• Hidetoshi Nagasawa

    Galleria Valeria Belvedere

    The sculptures of Nagasawa are characterized by a balance between Orient and Occident, a balance that was more than ever apparent in this show of seven new works (all but one from 1988). From the East, he has drawn from his experiences as a student of the martial arts (he is a karate champion), with the meditative and philosophical depth that that implies; to the West (he lives in Milan), he owes his attitude toward artmaking—as an expression of form and a translation of materials—under the constant stimulus of present and past works of art.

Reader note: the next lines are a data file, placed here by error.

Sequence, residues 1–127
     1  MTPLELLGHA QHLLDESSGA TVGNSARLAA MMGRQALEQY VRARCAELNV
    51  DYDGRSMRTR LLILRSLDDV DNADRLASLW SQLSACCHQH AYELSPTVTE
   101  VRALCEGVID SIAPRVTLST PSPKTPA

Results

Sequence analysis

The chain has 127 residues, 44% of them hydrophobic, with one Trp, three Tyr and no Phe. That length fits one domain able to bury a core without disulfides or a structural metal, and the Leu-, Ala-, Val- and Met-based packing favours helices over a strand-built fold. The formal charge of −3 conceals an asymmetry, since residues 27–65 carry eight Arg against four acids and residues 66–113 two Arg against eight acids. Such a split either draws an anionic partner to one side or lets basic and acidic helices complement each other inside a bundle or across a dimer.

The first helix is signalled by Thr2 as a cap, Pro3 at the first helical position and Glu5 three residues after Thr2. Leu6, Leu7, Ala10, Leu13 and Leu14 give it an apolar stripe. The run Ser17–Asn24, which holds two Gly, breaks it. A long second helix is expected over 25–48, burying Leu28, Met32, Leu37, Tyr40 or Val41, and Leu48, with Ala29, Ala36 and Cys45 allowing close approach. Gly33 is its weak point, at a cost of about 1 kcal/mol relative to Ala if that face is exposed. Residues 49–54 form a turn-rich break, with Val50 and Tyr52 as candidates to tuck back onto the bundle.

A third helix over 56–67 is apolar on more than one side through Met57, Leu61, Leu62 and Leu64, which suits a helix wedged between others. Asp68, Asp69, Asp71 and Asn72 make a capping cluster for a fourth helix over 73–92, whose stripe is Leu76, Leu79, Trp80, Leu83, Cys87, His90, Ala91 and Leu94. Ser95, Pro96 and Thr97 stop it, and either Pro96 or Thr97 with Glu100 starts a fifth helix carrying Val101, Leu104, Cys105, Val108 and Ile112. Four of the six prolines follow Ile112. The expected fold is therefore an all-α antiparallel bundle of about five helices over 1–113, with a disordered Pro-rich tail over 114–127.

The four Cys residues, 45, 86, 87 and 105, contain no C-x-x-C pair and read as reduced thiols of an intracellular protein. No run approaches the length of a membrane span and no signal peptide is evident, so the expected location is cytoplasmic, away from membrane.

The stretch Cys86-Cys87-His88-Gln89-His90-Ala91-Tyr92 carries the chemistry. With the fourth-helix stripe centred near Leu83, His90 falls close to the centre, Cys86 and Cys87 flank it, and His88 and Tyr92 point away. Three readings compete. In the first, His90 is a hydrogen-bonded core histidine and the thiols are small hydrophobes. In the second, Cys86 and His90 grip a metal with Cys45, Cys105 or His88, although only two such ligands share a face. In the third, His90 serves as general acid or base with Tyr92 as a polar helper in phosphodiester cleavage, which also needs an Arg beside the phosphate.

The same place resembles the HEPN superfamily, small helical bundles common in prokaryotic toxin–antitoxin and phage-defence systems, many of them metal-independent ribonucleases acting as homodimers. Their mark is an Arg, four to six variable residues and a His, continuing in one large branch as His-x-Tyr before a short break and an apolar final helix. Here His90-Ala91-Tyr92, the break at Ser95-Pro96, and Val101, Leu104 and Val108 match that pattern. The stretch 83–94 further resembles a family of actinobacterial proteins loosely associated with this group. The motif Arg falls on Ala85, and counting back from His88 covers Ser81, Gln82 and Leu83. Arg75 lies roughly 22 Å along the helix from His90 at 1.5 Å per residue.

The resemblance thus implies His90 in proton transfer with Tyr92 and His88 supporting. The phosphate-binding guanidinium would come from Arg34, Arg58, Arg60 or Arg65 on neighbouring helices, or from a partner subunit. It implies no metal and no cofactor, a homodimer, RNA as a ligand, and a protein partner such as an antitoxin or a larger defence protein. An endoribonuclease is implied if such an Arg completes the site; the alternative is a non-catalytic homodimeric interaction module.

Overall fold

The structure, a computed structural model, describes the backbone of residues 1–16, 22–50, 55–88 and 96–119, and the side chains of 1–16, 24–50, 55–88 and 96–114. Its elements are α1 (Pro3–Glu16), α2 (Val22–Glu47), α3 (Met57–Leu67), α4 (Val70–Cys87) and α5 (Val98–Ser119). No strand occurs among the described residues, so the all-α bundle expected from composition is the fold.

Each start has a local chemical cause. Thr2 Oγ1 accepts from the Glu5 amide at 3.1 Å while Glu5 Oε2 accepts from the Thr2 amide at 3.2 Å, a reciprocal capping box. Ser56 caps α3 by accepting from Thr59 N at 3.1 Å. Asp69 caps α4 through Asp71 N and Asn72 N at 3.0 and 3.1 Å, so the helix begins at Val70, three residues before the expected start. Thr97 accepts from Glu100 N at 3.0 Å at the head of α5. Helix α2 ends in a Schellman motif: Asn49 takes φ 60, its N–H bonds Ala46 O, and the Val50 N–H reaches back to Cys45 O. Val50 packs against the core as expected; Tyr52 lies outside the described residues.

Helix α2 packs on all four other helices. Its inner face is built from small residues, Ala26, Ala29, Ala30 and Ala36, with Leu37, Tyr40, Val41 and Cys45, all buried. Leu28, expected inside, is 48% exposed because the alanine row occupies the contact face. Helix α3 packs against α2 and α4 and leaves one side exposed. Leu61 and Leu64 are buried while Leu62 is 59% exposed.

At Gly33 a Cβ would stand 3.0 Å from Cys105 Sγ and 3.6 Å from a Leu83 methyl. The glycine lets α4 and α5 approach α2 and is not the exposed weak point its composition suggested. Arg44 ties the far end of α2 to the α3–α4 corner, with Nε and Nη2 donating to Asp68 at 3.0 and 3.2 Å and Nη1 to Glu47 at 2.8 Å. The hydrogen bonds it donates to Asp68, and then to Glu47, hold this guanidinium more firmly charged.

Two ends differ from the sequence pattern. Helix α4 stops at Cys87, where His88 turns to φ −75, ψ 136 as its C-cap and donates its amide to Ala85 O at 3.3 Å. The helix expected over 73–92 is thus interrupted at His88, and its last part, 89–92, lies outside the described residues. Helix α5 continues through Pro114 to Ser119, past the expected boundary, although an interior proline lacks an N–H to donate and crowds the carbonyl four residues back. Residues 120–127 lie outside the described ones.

The show began with Ponte di pietra (Stone bridge),

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  • Andreas Schulze

    Le Case D'Arte

    Like composites, collages, or montages, Andreas Schulze’s paintings present images of radically different origins. The “real” in these works—a carton of Merit cigarettes, a pair of mirrored sunglasses, a lemon, or a lantern—are familiar objects of collective experience or memory. However, these “real” images, which belong to no one and everyone simultaneously, are removed from their familiar contexts. Thus the viewer can’t read them as references to the artist’s—or anyone’s—unique experience. Schulze has pushed “reality” into the meaningless realm of information; these collaged or montaged images

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